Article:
Dailey said the United States and European Union had an obligation to confront Niyazov’s regime over rights abuses. "Torture and ill-treatment are an open secret in Turkmenistan," Dailey said. "Ogulsapar’s murder is a particularly terrible blow in part because protest from individual governments and intergovernmental bodies like the EU or the OSCE would probably have secured her release and made her death in detention avoidable."

"The European Union is currently debating whether to grant Turkmenistan most-favored-nation trading status," Dailey continued. "The pending Interim Trade Agreement is predicated on Turkmenistan promoting progress on human rights. The EU has a rare opportunity to call things by their proper name in Turkmenistan, put human rights ahead of energy interests, and vote down the Agreement."

Eurasianet
September 14, 2006


Posted by admin on 2006/9/14 15:14:00 (939 reads)

Since the beginning of this week, officers of Turkmenistan’s Ministry of National Security have been keeping a very close watch over the children of journalist Ogulsapar Muradova, who was convicted on August 25. During the last three months the authorities did not allow relatives of the detained activists to visit them. No one knew anything about their physical or mental condition. During the investigations Muradova, who was healthy before her arrest, asked to be sent some medications. Over the course of the investigation, the activists’ defense attorneys were subjected to significant pressure, prohibited from meeting with their clients’ friends and relatives, and threatened with dismissal from work. On Turkmen broadcasts, the authorities called Muradova’s lawyer “an informer for Radio Liberty.”

As of September 11, Muradova’s son, Berdy, was placed under round-the-clock surveillance. He was constantly followed by a green Grand Cherokee with tinted windows with the governmental license plate # 12 37 АН and by a Zhiguli-Lada, type 9 with a private license plate# К 7529 AG. Sometimes they were joined by two other vehicles. Policemen and officers of the Ministry of National Security kept watch over their house. Among the guards there were officers who arrested Muradova’s children on June 19, including one, Ilyas.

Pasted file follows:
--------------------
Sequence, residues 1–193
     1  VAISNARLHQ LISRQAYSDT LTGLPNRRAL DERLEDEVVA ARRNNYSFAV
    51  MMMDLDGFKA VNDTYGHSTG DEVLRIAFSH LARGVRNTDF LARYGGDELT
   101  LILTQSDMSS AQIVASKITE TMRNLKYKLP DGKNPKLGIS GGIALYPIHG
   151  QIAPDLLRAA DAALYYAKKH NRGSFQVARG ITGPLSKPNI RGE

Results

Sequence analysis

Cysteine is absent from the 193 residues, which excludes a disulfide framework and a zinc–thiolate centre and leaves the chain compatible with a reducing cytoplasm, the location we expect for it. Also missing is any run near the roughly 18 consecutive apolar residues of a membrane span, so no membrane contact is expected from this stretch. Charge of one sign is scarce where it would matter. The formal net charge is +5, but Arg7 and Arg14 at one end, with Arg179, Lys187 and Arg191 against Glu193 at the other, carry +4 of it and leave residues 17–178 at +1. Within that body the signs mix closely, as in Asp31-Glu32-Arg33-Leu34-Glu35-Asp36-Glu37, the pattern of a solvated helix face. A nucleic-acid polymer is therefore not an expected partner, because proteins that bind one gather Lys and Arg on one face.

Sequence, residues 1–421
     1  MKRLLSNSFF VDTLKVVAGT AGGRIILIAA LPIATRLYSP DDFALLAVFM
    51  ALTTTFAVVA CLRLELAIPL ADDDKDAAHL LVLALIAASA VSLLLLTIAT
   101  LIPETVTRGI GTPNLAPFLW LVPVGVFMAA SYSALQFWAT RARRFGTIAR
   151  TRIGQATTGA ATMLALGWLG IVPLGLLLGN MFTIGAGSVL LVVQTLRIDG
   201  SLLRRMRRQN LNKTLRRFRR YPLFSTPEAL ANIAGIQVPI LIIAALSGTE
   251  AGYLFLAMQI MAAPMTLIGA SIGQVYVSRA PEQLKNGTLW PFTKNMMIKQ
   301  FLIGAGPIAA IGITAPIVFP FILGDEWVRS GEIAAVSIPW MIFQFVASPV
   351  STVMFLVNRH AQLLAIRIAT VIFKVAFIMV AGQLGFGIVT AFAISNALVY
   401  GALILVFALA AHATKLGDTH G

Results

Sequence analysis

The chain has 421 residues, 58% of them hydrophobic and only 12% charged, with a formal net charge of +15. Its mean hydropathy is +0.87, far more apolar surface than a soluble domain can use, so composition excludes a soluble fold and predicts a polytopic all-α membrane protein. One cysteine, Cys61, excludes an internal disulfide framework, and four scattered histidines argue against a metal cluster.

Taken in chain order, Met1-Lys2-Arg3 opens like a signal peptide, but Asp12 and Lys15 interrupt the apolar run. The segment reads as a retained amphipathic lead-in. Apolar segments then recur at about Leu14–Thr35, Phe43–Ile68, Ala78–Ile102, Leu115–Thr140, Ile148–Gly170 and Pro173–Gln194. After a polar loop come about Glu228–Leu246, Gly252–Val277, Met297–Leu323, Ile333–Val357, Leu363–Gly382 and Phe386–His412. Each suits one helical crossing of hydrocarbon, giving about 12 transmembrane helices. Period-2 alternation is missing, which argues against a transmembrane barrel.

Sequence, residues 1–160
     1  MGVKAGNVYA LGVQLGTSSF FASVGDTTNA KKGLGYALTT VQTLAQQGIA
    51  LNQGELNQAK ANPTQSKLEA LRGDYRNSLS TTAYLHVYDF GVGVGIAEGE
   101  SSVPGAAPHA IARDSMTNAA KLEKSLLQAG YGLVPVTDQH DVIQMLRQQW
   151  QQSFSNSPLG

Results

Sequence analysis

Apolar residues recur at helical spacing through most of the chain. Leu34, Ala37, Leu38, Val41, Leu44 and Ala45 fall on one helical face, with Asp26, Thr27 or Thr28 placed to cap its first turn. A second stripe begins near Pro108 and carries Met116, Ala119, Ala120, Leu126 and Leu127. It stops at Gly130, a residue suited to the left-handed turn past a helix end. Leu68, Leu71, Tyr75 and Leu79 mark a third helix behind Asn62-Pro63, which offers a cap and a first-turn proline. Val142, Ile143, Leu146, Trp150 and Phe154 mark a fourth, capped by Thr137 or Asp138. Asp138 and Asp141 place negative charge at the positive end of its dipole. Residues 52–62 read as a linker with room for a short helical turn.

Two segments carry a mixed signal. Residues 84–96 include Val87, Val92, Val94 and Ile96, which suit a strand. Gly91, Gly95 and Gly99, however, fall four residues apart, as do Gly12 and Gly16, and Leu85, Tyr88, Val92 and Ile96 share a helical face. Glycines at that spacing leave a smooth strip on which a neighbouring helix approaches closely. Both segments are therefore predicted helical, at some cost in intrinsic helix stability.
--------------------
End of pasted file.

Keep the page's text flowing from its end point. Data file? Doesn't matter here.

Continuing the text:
On September 13, Berdy Muradov went to the local police department of Kopetdag district and inquired about the surveillance. A policemen, Serdar, who refused to give his last name, began to threaten Berdy Muradov, and reproached him for his relatives’ work, as his aunt, Tajigul Begmedova, who is the chair of the Turkmen Helsinki Foundation, and his uncle, Annadurdy Hajiev, who is a member of the organization “Vatan,” are involved in human rights and opposition activities.

Early in the morning, on September 14, officers of the Ministry of National Security came to Muradova’s apartment and took her children without informing them of their destination. It turned out that they were taken to a morgue, where they were asked to sign a death certificate for Ogulsapar Muradova. Her children were not allowed to see the body or to bring in a doctor to conduct an autopsy. When Muradova’s children inquired as to the date and the cause of death, representatives of the authorities, including six officers of the Ministry of National Security, three policemen and an employee of the morgue, began to yell at them. They threatened to use force against the children and demanded that they name the people who advised them on protecting their rights. Ultimately, they said that they will never give them their mother’s body.

There are grounds to believe that Muradova died a violent death, which resulted from torture and inhumane treatment. That she asked for medications when she was kept in the pre-trial facility, that her children were not allowed to visit her even after the trial, that her lawyers were threatened, and that neither relatives nor observers were allowed to see the trial, indicate that the authorities are trying to conceal the real condition of the detainees.

The complete lack of transparency during the investigation and trial, and the illegal actions of the authorities at all stages of this case give rise to the conclusion that Radio Liberty journalist, Ogulsapar Muradova, was killed for political reasons.

Turkmen Helsinki Foundation for Human Rights
Translation prepared by OSI Turkmenistan Project
September 14, 2006


Posted by admin on 2006/9/11 15:48:00 (952 reads)

ai Deutschland startet „EinSatz“-Kampagne:
Jeder einzelne kann sich für Einzelfälle einsetzen

Berlin, 8. Dezember 2006 – Die Europäische Union muss Menschenrechtsverletzungen zur Priorität ihrer Außenpolitik machen. Gleichzeitig muss sie Menschenrechtsverletzungen in ihrem Innern thematisieren und ahnden. "Nur so kann sie gegenüber Drittstaaten glaubwürdig auftreten und die vakante Führungsrolle in der internationalen Menschenrechtspolitik einnehmen", sagte Barbara Lochbihler, Generalsekretärin der deutschen Sektion von amnesty international (ai) anlässlich des Internationalen Tages der Menschenrechte am 10. Dezember.